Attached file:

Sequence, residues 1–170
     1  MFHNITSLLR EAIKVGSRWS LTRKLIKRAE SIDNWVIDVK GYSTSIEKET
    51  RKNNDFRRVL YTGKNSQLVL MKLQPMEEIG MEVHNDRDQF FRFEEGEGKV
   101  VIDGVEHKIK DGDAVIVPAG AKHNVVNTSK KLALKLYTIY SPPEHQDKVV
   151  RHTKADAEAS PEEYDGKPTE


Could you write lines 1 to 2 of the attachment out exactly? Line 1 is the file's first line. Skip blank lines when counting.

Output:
Sequence, residues 1–170
     1  MFHNITSLLR EAIKVGSRWS LTRKLIKRAE SIDNWVIDVK GYSTSIEKET